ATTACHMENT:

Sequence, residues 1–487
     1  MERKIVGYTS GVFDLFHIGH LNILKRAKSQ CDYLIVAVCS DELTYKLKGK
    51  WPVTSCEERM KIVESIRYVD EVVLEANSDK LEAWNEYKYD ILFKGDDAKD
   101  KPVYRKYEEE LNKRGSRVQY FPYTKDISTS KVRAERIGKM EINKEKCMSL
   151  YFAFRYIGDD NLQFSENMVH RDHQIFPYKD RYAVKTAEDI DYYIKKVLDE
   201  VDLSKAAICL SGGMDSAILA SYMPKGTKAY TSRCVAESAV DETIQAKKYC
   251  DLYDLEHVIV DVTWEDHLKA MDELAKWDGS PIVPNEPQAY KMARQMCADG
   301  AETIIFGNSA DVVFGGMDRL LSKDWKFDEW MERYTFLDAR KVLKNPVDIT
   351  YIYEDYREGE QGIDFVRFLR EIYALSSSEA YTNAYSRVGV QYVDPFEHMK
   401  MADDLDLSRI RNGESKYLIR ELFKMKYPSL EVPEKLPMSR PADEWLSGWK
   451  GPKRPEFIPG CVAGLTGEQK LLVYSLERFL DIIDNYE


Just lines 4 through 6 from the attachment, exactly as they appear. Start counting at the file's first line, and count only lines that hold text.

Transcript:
   101  KPVYRKYEEE LNKRGSRVQY FPYTKDISTS KVRAERIGKM EINKEKCMSL
   151  YFAFRYIGDD NLQFSENMVH RDHQIFPYKD RYAVKTAEDI DYYIKKVLDE
   201  VDLSKAAICL SGGMDSAILA SYMPKGTKAY TSRCVAESAV DETIQAKKYC